After several people send a letter to King Artaxerxes of Persia, sharing concerns about Jewish exiles who were rebuilding in Jerusalem, the king sends them a reply.
The king sent this reply:
To Rehum the commanding officer, Shimshai the secretary and the rest of their associates living in Samaria and elsewhere in Trans-Euphrates:
Ezra 4:17 NIV
While the NIV says “Greetings” here, the NASB says “Peace”. Either one is a good thing to hear from a king whose armies could probably replace you at his command. However, some translations suggest that “Peace” here is actually shalom, which could be a whole lesson in itself.
As the letter continues in verses 18-22, we learn that records about the history of Jerusalem had been found. However, like many “facts” that we hear, their interpretation is a matter of perspective.
For instance, when the united kingdom of Israel was ruled by Saul, David, and Solomon, it became powerful (before it fractured later on). So, it makes sense that Israel collected tribute from conquered people when it ruled over the region. The statement that Jerusalem had been paid “taxes, tribute and duty” (verse 20) was a matter of fact, and this was probably to be expected, given its political power during that time. This wasn’t the same as the present, when Persia ruled over that region and exiles had returned from Babylon to Jerusalem, but forgetting that things haven’t always been the same as they are today is a common mistake.
So, in the days of Artaxerxes, If you were from the nation of Israel, you probably remembered that Israel was a sovereign and powerful nation, which stood on its own and had been politically successful for a while. From that perspective, rebuilding God’s temple and the city of Zion would seem like the right thing to do, especially when God said that this would happen.
On the other hand, if you were a conquering empire like Persia, the present behavior in Jerusalem (i.e., rebuilding) would be a red flag in light of past events, and might justify shutting down projects that could lead to rebellion. In fact, given the earlier letter sent to the king by Israel’s enemies, he (the king) chose to interpret the history of Jerusalem in a negative light, and called for the rebuilding in Jerusalem to be stopped.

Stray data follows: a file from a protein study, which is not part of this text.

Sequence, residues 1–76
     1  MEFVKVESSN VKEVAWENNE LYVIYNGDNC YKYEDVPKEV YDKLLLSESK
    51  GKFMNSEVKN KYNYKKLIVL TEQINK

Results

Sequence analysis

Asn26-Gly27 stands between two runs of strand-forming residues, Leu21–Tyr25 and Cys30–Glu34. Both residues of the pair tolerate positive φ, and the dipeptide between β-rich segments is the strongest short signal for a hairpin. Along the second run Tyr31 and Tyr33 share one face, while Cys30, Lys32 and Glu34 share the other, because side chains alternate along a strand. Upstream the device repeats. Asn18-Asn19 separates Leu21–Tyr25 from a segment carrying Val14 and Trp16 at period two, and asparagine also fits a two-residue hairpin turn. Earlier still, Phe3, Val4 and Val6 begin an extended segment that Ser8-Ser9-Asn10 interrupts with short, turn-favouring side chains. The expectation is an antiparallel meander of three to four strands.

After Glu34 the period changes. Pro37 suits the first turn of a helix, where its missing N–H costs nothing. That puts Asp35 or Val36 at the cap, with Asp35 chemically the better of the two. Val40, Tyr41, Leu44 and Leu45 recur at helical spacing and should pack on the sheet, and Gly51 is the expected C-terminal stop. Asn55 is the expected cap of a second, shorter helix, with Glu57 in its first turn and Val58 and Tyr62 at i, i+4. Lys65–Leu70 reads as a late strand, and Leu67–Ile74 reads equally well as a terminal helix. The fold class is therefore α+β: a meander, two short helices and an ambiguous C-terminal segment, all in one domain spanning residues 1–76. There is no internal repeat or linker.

There’s more that went on here after the king’s letter was sent (to be discussed in upcoming articles), but let’s pause here and consider how the same facts about Jerusalem’s history could be interpreted in different ways, depending on one’s perspective.
A simple statement (even if technically true), can become a weapon when taken out of context, especially when shared by someone with an agenda. This isn’t a new problem (given the example we have here from the book of Ezra), but it is one that we can work together to address.
This is why – as a pastor at our church said – we should avoid studying a single verse from the Bible at a time. The Bible was written at a larger scale, and while the verse divisions (added later in history) make it easy to find a particular passage by book, chapter and verse, we must look at the larger context to understand what a particular statement means.
In the same way, it’s probably good for us to put ourselves in other people’s shoes from time to time, so that we can understand them better. Even when we disagree with someone else about a particular topic, considering why they have come to a different conclusion can help us empathize with them, and maybe even help them see our point of view as well.
And finally, let us now weaponize facts ourselves. When we take a truth and distort it to our own selfish means, not only are we are being dishonest, but we are also disrespecting what that truth – in its proper context – has to teach us.
Now, there are a couple of options to interpret when the preceding events took place, but verse 24 confirms that (in the context of previous chapters) the altar and foundation of the temple had been reconstructed, but – at some point after that – things got put on hold.
That’s not the end of the story, though. Let’s continue in the next article with the first couple verses of Ezra chapter 5 (or, just read them here: Ezra 5:1-2).
From Sunday School lesson prepared for January 15, 2023
- The Lookout, January 15, 2023, © 2022 Christian Standard Media.
- Scripture taken from the Holy Bible, NEW INTERNATIONAL VERSION®, NIV® Copyright © 1973, 1978, 1984, 2011 by Biblica, Inc.® Used by permission. All rights reserved worldwide.
- Scripture quotations taken from the NASB. Copyright by The Lockman Foundation.
- The College Press NIV Commentary – Ezra-Nehemiah, by Keith Schoville. © 2001 College Press Publishing Co.